Strategies exist at different levels in an organization; they are classified according to the scope of what they are intended to accomplish. Most organizations can be segmented into business units (or strategic business units as they are frequently called.) Strategic business units (SBUs) are described in more detail later in this chapter. The typical large, multidivisional business firm has three levels of strategy: (1) corporate, (2) business, and (3) functional.

Corporate strategy describes a company`s overall direction in terms of its general attitude toward growth and the management of its various businesses and product lines to achieve a balanced portfolio of products and services. Additionally, it is (a) the pattern of decisions regarding the types of businesses in which a firm should be involved, (b) the flow of financial and other resources to and from its divisions, and (c) the relationship of the corporation to key groups in its environment. Corporate strategy may be one of stability, growth, or retrenchment.

Business strategy, sometimes called competitive strategy, usually is developed at the divisional level, and emphasizes improvement of the competitive position of a corporation`s products or services in the specific industry or market segment served by that division. A division`s business strategy probably would stress increasing its profit margin in the production and sales of its products and services. Business strategies also should integrate various functional activities to achieve divisional objectives. Business (competitive) strategy may be one of overall cost leadership or differentiation.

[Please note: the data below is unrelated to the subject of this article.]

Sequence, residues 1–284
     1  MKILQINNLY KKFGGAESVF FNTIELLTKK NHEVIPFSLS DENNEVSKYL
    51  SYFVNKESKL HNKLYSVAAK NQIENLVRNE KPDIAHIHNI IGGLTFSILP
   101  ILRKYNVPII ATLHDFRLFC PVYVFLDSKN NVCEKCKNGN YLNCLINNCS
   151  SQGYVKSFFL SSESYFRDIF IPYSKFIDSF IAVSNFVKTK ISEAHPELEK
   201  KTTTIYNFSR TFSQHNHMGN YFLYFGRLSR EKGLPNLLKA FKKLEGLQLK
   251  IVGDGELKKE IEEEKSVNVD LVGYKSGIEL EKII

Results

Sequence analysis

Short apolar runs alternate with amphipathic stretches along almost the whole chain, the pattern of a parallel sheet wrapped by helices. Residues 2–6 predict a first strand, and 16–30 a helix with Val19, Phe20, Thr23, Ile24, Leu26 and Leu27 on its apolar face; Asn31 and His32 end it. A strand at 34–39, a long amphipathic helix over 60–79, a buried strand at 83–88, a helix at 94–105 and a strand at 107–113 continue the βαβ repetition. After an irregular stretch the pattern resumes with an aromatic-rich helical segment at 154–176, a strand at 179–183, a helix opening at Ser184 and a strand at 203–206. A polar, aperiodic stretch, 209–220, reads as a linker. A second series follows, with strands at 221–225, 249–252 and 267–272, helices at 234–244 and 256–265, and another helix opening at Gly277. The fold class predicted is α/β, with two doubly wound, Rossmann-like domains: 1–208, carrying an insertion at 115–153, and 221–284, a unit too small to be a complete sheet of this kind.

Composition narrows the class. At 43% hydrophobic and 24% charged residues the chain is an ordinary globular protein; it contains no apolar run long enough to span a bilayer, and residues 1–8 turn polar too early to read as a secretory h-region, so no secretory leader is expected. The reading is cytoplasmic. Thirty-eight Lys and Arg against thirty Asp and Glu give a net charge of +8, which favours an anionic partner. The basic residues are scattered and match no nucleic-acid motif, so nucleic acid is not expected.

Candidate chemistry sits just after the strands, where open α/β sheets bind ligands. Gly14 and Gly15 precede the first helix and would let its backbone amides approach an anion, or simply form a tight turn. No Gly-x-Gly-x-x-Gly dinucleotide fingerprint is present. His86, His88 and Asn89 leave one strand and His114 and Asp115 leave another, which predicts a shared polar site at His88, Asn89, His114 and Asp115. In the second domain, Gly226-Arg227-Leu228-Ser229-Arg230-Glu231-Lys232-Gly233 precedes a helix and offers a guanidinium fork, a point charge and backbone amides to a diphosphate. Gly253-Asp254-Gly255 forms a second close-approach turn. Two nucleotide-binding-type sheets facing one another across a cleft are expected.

Functional strategy is concerned primarily with maximizing resource productivity. Within the constraints of the corporate and business strategies around them, functional departments develop strategies to pull together their various activities and competencies to improve performance. For example, a typical strategy of a marketing department might center on developing ways to increase the current year`s sales over those of the previous year. Under a market development functional strategy, the department would attempt to sell current products to different customers in the current market or to new customers in a new geographical area. Examples of R&D functional strategies are technological followership (imitate the products of other companies) and technological leadership (pioneer an innovation).